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2010-08-12
Lower Sackville, N.S. Wal-Mart Sits Empty After Two Years

On March 14, 2007, Wal-Mart sacked its discount store in Lower Sackville, Nova Scotia, and opened up a larger superstore in neighboring Bedford. The Bedford store is referred to as the Bedford/Sackville store, and is located on Damascus Road, Bedford, NS.

Nearly two and a half years later, the 'old' Wal-Mart discount store in Lower Sackville is still sitting empty. According to the Halifax News Net, some people in Sackville "are still too angry with Wal-Mart for moving to Bedford" that they don't care what happens to the empty eyesore Wal-Mart left behind in the Downsview Plaza.

The Downsview Plaza is Sackville's largest shopping center. It has a Canadian Tire, Staples, Sobeys, Shopper's Drug Mart, Dollarama, The Source and many smaller stores -- but not a Wal-Mart.

A 15 minute drive away is the Bayer's Lake Business Park in Bedford, which has the 'big box' stores like Wal-Mart, Home Depot and Costco.

Like its counterpart in America, Wal-Mart Canada has been aggressively replacing the smaller stores it took over in 1994 from the Woolco chain, a division of Woolworth Canada. A dozen years later, in 2006, Wal-Mart Canada started imitating its U.S. division, and began scrapping its old Woolco stores to build larger supercenters.

Today, Wal-Mart Canada has 300 stores across Canada, and have left behind a trail of dead stores that become local eyesores.

In Sackville, angry residents created a Facebook page that focuses on the future of their dead Wal-Mart. Some residents hope that another American big box store will come to their rescue, like Target. Some are hoping that a Zellers will take over the building.

But some residents want to be done with big box speculation, and instead use the site for a go-cart track, roller skating rink or the old Sackville Downs racetrack.

The Sackville Drive Business Association (SDBA) hired a consultant to solicit opinions from the public about what they'd like to see at the dead Wal-Mart. Based on the survey, it seems that the Wal-Mart 'love 'em and leave 'em' experience left a lot of scars.

The head of the SDBA Chair Tara Hill said their 2008 survey indicated that people in Sackville want more stores that carry clothes, shoes and accessories, specialty items and items for the home. The survey also revealed that residents would prefer to spend their money in Sackville if they had the choice.

The SDBA itself has opinions about what Sackville needs. "I'd like to see a bookstore perhaps, maybe with a coffee shop," the Association's spokesperson said. "Or maybe a good old fashioned bakery to pick up specialty breads or treats for when company is coming over."

What you can do: The business group says local shoppers still are loyal to the Downsview Plaza, despite the fact that Wal-Mart walked out. The giant retailer's bad handling of the Sackville community also led to some tightening up of local zoning laws.

In 2007 the community passed By-Law Number D-300, the "Derelict Building Law, which says that when a building is deemed to be derelict, the municipality may direct the owner to remedy the condition as specified in an order.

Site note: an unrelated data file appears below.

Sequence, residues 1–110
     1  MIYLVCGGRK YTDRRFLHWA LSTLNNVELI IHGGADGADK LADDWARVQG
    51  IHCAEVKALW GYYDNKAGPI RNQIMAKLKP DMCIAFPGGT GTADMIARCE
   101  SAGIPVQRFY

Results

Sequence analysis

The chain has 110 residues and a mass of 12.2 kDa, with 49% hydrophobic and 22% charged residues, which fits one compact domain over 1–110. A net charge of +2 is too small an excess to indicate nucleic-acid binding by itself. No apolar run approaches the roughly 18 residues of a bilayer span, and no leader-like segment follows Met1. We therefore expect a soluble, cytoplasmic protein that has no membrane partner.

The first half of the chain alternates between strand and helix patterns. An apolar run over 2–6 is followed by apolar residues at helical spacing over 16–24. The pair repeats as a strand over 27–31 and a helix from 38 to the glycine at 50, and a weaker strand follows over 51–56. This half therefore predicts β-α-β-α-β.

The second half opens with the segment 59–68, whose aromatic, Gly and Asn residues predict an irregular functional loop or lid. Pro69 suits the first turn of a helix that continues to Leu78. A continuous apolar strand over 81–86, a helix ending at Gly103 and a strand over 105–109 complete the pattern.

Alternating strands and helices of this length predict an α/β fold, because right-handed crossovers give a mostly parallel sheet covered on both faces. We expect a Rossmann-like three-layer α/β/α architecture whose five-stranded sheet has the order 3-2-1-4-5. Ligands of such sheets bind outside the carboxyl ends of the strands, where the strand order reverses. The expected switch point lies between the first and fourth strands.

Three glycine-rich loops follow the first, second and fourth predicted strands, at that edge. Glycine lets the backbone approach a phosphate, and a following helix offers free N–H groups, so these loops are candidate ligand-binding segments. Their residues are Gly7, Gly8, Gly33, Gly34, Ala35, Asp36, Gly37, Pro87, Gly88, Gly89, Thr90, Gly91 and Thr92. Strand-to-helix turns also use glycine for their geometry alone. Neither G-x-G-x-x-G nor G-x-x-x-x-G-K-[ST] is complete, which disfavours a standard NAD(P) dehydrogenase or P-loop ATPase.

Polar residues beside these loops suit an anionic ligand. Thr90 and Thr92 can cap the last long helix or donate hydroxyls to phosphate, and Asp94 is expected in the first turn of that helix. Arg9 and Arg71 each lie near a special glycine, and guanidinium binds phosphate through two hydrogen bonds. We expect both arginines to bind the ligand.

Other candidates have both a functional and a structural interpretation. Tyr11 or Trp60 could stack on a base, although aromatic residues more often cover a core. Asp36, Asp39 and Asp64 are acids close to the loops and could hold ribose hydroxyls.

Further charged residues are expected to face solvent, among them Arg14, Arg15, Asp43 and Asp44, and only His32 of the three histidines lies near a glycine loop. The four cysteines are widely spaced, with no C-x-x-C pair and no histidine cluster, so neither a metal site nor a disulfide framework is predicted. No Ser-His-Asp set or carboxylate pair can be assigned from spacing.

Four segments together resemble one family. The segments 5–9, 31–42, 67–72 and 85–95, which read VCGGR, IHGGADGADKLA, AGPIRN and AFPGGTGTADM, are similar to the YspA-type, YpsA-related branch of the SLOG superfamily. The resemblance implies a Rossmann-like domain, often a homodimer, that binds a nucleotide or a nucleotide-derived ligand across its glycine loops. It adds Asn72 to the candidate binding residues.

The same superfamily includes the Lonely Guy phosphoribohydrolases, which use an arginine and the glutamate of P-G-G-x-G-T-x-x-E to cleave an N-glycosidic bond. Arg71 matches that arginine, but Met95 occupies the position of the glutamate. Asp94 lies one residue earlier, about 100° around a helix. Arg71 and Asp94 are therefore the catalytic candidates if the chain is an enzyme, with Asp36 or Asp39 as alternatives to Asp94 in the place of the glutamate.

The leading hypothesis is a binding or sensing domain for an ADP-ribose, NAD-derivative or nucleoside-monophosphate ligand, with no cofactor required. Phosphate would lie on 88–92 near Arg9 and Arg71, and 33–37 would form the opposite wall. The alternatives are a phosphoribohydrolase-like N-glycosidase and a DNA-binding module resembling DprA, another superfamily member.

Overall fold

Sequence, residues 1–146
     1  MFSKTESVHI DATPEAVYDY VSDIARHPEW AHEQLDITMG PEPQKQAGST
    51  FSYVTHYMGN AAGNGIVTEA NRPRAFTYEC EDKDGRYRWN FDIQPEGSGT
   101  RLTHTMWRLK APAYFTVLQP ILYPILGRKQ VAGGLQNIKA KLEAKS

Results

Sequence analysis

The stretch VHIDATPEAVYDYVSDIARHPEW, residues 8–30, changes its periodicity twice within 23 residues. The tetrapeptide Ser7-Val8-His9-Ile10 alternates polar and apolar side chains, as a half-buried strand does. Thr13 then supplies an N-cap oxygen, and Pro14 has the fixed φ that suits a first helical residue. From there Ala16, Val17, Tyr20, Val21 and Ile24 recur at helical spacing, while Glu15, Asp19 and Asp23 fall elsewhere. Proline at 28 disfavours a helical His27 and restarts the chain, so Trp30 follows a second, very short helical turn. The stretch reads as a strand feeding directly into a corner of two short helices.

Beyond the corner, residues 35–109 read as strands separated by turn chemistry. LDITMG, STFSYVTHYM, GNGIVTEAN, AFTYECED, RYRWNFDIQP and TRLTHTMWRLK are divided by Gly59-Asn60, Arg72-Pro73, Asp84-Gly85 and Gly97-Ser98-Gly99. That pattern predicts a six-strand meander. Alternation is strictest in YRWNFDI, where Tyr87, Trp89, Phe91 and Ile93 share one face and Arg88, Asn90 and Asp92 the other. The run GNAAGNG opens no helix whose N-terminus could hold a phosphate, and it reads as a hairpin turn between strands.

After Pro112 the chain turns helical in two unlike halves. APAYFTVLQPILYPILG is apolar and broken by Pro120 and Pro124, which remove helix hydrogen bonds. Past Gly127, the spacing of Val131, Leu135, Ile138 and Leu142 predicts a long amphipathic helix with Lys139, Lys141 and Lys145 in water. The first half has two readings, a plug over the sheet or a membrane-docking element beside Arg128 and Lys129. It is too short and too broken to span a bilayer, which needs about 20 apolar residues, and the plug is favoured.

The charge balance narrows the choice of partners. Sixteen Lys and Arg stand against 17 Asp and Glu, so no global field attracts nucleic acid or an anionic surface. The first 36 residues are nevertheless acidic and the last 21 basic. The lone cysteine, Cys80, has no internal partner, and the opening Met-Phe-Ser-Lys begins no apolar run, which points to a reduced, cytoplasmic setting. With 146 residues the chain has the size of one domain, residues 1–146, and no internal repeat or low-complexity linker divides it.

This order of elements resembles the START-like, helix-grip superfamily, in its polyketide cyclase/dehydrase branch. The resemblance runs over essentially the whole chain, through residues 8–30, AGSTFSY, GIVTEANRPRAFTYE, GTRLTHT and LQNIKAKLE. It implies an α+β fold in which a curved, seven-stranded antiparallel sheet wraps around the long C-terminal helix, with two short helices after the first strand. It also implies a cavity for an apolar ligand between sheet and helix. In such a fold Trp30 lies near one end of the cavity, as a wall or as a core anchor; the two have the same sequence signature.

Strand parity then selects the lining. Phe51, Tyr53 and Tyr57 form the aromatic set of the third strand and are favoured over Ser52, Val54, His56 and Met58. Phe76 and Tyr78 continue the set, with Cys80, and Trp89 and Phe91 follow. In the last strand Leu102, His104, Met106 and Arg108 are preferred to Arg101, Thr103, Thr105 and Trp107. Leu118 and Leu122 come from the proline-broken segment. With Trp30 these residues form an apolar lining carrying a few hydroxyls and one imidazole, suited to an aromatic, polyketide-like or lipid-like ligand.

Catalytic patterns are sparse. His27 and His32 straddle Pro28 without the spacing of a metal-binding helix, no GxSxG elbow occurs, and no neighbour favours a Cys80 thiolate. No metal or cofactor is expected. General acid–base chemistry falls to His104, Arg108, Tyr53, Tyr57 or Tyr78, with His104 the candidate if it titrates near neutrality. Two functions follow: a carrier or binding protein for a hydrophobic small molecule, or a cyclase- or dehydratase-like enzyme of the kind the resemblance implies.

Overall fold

One local official said, however, that the law does not apply to the empty Wal-Mart, because that property is part of the Downsview Plaza, which has other businesses that are still operating.

Post-Wal-Mart, Sackville is trying to reinvent itself, and get away from the big box appearance. The SDBA is working on a Streetscape Plan that will improve the visual appearance of Sackville Drive. "I know the association is working on repairing a small bridge and creating a green space at the foot of Riverside Drive not far from the old Wal-Mart location," a spokesman for the SDBA said.

According to the Halifax News Net, residents in Lower Sackville have had to put up with this empty store by "continuing to avert their eyes when they drive by the old building." They may have to keep looking away for quite some time to come, as the Halifax News Net -- because Wal-Mart is still the tenant in the old building until January of 2012.

The way most of these leases work, Wal-Mart's rent payments were based on a low base rent, plus a percentage of sales. When the store goes dark, sales disappear, and the company only has to pay the very low base rent -- which is why Wal-Mart could financially afford to move out of Sackville and into a larger superstore.

Readers are urged to call Wal-Mart Canada's Customer Service Hotline at (800) 328-0402 with the following message: "Wal-Mart should put some effort into helping the people in Sackville find another tenant to move into your old store -- which has sat empty now for two and half years.

Instead of just letting that store sit idle -- Wal-Mart Canada should spent the resources necessary to help market that property for others. It's said that Wal-Mart likes to keep its dead stores tied up so that competitors don't move in -- but you've made Sackville wait long enough while you sit on your lease.

You abandoned Sackville -- now its time to help the community move on with its business."










 
 
"Norman has become the guru of the anti-Wal-Mart movement" ~ 60 Minutes

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